3. After having checked out 4 local places and our Hotel in Disneyland, a run in with the police and a sealed monastery, I just knew it was time to go and have fun with the family and go have a look at some easy to access bits and bobs. This was my 1st time abroad and had planed on doing plenty, but as It goes when you are with the family, you just forget about time and before you know it, it is time to go home. Breendonk was something myself and my wife wanted to go and visit. It is right from the moment that you walk inside the buildings it just hits you in the face what happened there. We spent 3 hours walking around, and I would highly recommend that if you are even in the area to do the same. HISTORY Pinched from various websites. Breendonck and the fortified enclosure of Antwerp In the early 20th century, the need was felt to create a new line of fortified defence to protect the port and city of Antwerp, in addition to the “R�duit National†(national stronghold - decided in 1859, to the displeasure of the residents of Antwerp). Several proposals were put forward, by General Alexis de Brialmont among others, which eventually led to the adoption of the law on the “plan to defend Antwerp and develop the port facilities of the city†published in the Moniteur Belge on 29 April 1906. This law provided for a line of defence to surround the town, consisting of separate forts, constructed a respectable distance from the city (at least a dozen kilometres). In total, the line of defence extended over nearly 95 kilometres. The line included the forts of Stabroek, Ertbrand, Kapellen, Brasschaat, Schoten (1st sector), Gravenwezel, Oelegem, Broechem, Kessel (2nd sector), Lier, Koningshoo�kt, Sint-Katelijn-Waver, Walem (3rd sector), Breendonck, Liezele, Bornem (4th sector) and finally Steendorp and Hassdonk (5th sector). In the gaps between these forts, there were also the redoubts of Berendrecht, Smoutakker, Drijhoek (1), Audaan, Schilde, Massenhoven (2), Tallaert, Bosbeek, Dorpveld, Duffel (3), Letterheide, Puurs (4), Lauwershoek and Landmolen. The forts were of various types, according to the military jargon of the time: first and second rank forts, with composite or detached caponiers. Breendonck is a second-rank fort with composite caponiers, with the Liezele fort some 4 kilometres to the West and Walem fort 8 kilometres to the East. Between Breendonck and Liezele is the Letterheide redoubt, while a floodable area separates Breendonck and Walem. Construction only began in 1909. The excavation work alone was budgeted at 177,000 Francs. The fort was built in non-reinforced concrete. Nearly 41,000 cubic metres were needed to complete it, costing 719,385 Francs. In total, the Breendonck fort required an investment of around 2,200,000 Francs. Once the construction was finished, the moat was dug around the fort, with an average depth of 3.75 metres and an original width of nearly 50 metres. The mass of earth excavated was placed on the concrete structures in order to hide the fort from the enemy‘s view and protect it from direct hits. The height of the earth is nearly 14 metres in places. Artillery The fort is equipped with various cannons and howitzers, 33 in total: Two 150mm cupola guns, Cockerill model 1909, in central position. These cannons could fire a 39-kilo shell 8,400 metres. They were protected by a 22 centimetre steel cupola weighing nearly 55 tonnes. Two 120mm howitzers, Cockerill model 1909, capable of firing 20 kilo shells 6,400 metres. Four 75mm cupola guns, Cockerill model 1906, firing 5.5kg shells 6,000 metres. Seventeen rapid firing 57mm guns were used for close defence and flank shots. In addition to these guns and howitzers directed towards the South and therefore towards the potential enemy, 8 other weapons were situated on the flanks (in the place called the “traditore†battery) and directed towards the neighbouring forts to help them if needed. There were four 75mm guns and four 120mm guns on a 1909 model embrasure gun-carriage. These guns were capable of keeping the enemy at a distance from Antwerp, but were already outclassed at the time of their installation, by the heavy German 305mm and even 420mm guns. The Germans could easily bombard the Belgian forts while keeping out of reach of the Belgian artillery. A 15cm cupola without its guns cost 290,000 Francs at the time (as an indication, the daily wage for a worker was between 1 and 3 francs). No anti-aircraft equipment was installed. The troops Around 330 men, mainly infantry soldiers, made up the garrison of the fort in wartime (80 in peacetime). They were responsible for defending access, by taking up position on the turrets which were sheltered by the raised earth. Here were twelve barrack rooms (12 x 5.5 metres), two kitchens (soldiers and officers), a bakery, cells (3), a shower room and separate toilets for the soldiers, officers and sub-officers. The First World War In July 1914, when war broke out, the fort – unlike its neighbours – was not finished. To clear the view for the gunners, Colonel G�nie Van Weyenberghe destroyed nearly 200 houses in the town of Willebroek on 9 August 1914 (Westdijck, Palingstraat, Oude Dendermondsesteenweg, Steenweg op Tisselt). The invasion of Belgium began on 4 August 1914. Preoccupied solely with reaching Paris as quickly as possible, the German army put all its might towards the South, only blocking off Antwerp. It was only on 9 September that the German High Command ordered General von Besler to take Antwerp: the siege artillery had been released by the fall of Namur and Maubeuge. The general had 120,000 men and a lot of powerful artillery: 42cm guns, Austrian 30cm Skoda mortar guns, 30.5cm howitzers and 21cm mortar guns etc. Although the fort was built to resist the French 220mm mortar gun, it could not resist the 305mm and 420mm German guns. The bombardment of the forts began on 28 September. Breendonk was bombarded for the first time on 1 October. As a breach had been opened up by the fall of Wavre-Ste-Catherine and Lierre, Breendonk was attacked from the East. On 1, 6 and 8 October, the Breendonk fort was hit by 563 Austrian 305mm mortar gun projectiles, shells fired by artillery some 8 or 9 km beyond the range of its own artillery. On 8 October, the fort underwent very heavy bombardment. 305mm shells rained down and one of them fell down a chimney before exploding between two barrack rooms. The Fort commander, Captain Wijns, was seriously injured and died shortly afterwards. The fort was taken the following day and the surrender of Antwerp was complete. The town of Willebroek was then occupied by German troops although the bridges had been destroyed. The proud survivors commemorated the heroic defence of the town with a bronze plaque which was affixed to the left of the postern in 1926. The Second World War On 10 May 1940 at 8.30am, King L�opold III, the Commander in Chief, arrived at Breendonk. He had been preceded by the first rank of the GHQ and the General Chief of Staff. It was from here that the King delivered his national proclamation on 10 May. It was also here that he received the commanders of the Seventh French army, placed on the right, and the British forces on the left, as well as General Billotte, the commander of the Group of Northern Armies to which the Belgian army reported as of 12 May. On 16 May, General Billotte ordered the abandonment of the Antwerp-Namur line, which had become untenable since the capture of Sedan. On 16 May at midnight, the General Chief of Staff left the fort; in the afternoon of the 17th, the whole GHQ was moved to the Ghent region. The SS Camp On september 20th 1940 Sturmbannf�hrer Philip Schmitt brought his first victims to Breendonk. The Fort became officially the Auffanglager Breendonk, a transit camp; a major centre for the Sicherheitspolizei-Sicherheitsdienst (SIPO/SD), the german political police. During the first year of the Occupation, the Jews made up half the total number of prisoners. From 1942 onwards and the creation of the � vezammelkamp � (reception camp) at the Dossin barracks where the Jews were assembled before their departure towards the east and the extermination camps, most of the Jews disappeared from Breendonk, which gradually became a camp for political prisoners and members of the Resistance. On the 22nd of September 1941, a first convoy of Belgian political prisoners was transferred from Breendonk and from the citadel of Huy to the concentration camp of Neuengamme close to Hamburg. Other convoys were to follow … Prisoners stayed on average three months at the fortress before being deported towards the concentration camps in Germany, Austria or Poland. The regime set up here by the Nazis hardly differed from that of an official concentration camp. The undernourishment and the forced labour wore down the body and mind. The ever-present physical cruelty sometimes caused the death of prisoners. Initially, the camp was only guarded by a few German SS and a detachment of the Wehrmacht. In September 1941, the Wachtgruppe of the SD arrived as back up. This time, these were no longer German SS but mainly Flemings. In total, around 3500 persons, including around thirty women, were subjected to the “Hell of Breendonkâ€Â, as Franz Fischer calls it in his memoirs. Around half of these 3500 did not come back from the camps alive. Trials of War Criminals The Malines Trial The case opened in the Malines trial in the spring of 1946 were on the one hand those concerning the Belgian SS men and on other hand the ones concerning the civilians and the prisoners who have behaved badly towards their fellow prisoners. The SS men Wijss, De Saffel, Raes, Lampaert, Brusselaers, Hermans, Vermeulen, the cowherd Amelinckx, the smith Carleer, the gardener Van Praet, the former prisoners Obler eand Lewin were sentenced to death. The Antwerp Trial On single german war criminals stood trial for what had been ciommited in Breendonk: commandant Schmitt. On November 25th 1949, he was sentenced to death.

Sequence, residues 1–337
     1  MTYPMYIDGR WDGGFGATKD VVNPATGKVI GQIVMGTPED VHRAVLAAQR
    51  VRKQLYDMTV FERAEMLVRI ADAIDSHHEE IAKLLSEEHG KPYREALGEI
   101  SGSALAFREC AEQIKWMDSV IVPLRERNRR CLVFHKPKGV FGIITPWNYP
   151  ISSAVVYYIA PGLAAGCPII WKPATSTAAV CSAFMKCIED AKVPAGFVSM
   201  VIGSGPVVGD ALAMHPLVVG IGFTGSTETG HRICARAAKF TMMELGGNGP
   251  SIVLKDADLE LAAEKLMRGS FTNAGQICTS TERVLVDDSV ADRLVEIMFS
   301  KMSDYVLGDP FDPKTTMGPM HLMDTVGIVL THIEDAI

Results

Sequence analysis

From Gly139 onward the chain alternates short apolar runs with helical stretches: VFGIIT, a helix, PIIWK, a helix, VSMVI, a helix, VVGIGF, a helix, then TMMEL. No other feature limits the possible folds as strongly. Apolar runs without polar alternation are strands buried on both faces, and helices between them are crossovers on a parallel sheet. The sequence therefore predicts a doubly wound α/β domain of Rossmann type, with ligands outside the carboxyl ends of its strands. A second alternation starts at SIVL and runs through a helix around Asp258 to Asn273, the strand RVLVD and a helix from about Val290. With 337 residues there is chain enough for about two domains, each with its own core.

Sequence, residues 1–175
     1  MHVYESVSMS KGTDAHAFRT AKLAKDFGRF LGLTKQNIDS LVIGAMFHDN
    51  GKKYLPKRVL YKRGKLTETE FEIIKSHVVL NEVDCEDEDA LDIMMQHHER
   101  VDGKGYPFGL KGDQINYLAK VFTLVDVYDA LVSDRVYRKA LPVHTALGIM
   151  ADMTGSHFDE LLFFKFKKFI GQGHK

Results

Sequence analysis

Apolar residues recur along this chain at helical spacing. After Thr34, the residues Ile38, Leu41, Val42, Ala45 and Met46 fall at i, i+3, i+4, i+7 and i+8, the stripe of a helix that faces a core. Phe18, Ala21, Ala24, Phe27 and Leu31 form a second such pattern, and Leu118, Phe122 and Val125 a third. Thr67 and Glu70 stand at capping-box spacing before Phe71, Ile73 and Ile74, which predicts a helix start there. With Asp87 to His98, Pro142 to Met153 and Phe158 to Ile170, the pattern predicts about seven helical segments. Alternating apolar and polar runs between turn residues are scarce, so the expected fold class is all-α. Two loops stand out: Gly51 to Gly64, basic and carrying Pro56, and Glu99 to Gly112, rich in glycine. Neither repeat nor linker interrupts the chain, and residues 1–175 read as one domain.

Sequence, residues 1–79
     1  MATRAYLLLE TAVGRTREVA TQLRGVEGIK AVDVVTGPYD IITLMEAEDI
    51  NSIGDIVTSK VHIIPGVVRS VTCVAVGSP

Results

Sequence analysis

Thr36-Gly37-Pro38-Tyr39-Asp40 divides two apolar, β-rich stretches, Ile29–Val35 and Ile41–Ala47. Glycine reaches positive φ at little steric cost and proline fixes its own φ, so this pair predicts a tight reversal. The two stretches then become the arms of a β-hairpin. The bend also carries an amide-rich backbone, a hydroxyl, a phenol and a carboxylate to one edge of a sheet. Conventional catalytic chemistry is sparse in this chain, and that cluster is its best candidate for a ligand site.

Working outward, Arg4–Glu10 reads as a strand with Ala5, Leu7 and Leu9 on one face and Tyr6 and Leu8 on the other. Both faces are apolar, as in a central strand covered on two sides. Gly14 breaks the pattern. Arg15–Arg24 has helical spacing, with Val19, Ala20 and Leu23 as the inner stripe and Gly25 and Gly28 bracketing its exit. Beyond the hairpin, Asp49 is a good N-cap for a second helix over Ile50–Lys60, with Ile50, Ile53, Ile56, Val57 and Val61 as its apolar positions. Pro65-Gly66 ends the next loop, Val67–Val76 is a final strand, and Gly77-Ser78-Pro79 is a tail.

4. Only the cinema and the bowling alley have Topics... 1. KaserneBenelux01 von MiaroDigital auf Flickr 2. KaserneBenelux02 von MiaroDigital auf Flickr 3. KaserneBenelux03 von MiaroDigital auf Flickr 4. KaserneBenelux04 von MiaroDigital auf Flickr 5. KaserneBenelux05 von MiaroDigital auf Flickr 6. KaserneBenelux06 von MiaroDigital auf Flickr